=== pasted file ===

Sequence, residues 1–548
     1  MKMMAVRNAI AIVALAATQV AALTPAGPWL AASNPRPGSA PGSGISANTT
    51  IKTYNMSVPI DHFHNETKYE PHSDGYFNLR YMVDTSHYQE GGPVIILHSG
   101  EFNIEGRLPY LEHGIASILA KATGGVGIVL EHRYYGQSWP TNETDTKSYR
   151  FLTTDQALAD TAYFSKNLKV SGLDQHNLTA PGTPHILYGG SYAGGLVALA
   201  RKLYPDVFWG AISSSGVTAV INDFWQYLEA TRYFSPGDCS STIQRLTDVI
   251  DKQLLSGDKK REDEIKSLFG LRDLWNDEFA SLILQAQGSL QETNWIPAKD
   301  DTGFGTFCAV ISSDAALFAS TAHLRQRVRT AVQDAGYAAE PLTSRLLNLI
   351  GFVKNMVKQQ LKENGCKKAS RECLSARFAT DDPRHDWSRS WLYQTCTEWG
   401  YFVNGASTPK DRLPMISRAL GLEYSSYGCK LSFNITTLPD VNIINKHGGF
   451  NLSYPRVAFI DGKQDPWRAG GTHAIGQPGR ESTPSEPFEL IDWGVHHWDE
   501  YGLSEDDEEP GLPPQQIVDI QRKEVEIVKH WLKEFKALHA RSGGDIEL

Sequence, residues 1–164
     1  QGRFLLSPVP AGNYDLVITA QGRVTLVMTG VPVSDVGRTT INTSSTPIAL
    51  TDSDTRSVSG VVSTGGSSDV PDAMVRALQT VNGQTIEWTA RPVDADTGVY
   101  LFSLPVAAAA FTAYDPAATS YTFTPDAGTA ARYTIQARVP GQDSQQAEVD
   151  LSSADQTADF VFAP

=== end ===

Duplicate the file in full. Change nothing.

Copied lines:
Sequence, residues 1–548
     1  MKMMAVRNAI AIVALAATQV AALTPAGPWL AASNPRPGSA PGSGISANTT
    51  IKTYNMSVPI DHFHNETKYE PHSDGYFNLR YMVDTSHYQE GGPVIILHSG
   101  EFNIEGRLPY LEHGIASILA KATGGVGIVL EHRYYGQSWP TNETDTKSYR
   151  FLTTDQALAD TAYFSKNLKV SGLDQHNLTA PGTPHILYGG SYAGGLVALA
   201  RKLYPDVFWG AISSSGVTAV INDFWQYLEA TRYFSPGDCS STIQRLTDVI
   251  DKQLLSGDKK REDEIKSLFG LRDLWNDEFA SLILQAQGSL QETNWIPAKD
   301  DTGFGTFCAV ISSDAALFAS TAHLRQRVRT AVQDAGYAAE PLTSRLLNLI
   351  GFVKNMVKQQ LKENGCKKAS RECLSARFAT DDPRHDWSRS WLYQTCTEWG
   401  YFVNGASTPK DRLPMISRAL GLEYSSYGCK LSFNITTLPD VNIINKHGGF
   451  NLSYPRVAFI DGKQDPWRAG GTHAIGQPGR ESTPSEPFEL IDWGVHHWDE
   501  YGLSEDDEEP GLPPQQIVDI QRKEVEIVKH WLKEFKALHA RSGGDIEL

Sequence, residues 1–164
     1  QGRFLLSPVP AGNYDLVITA QGRVTLVMTG VPVSDVGRTT INTSSTPIAL
    51  TDSDTRSVSG VVSTGGSSDV PDAMVRALQT VNGQTIEWTA RPVDADTGVY
   101  LFSLPVAAAA FTAYDPAATS YTFTPDAGTA ARYTIQARVP GQDSQQAEVD
   151  LSSADQTADF VFAP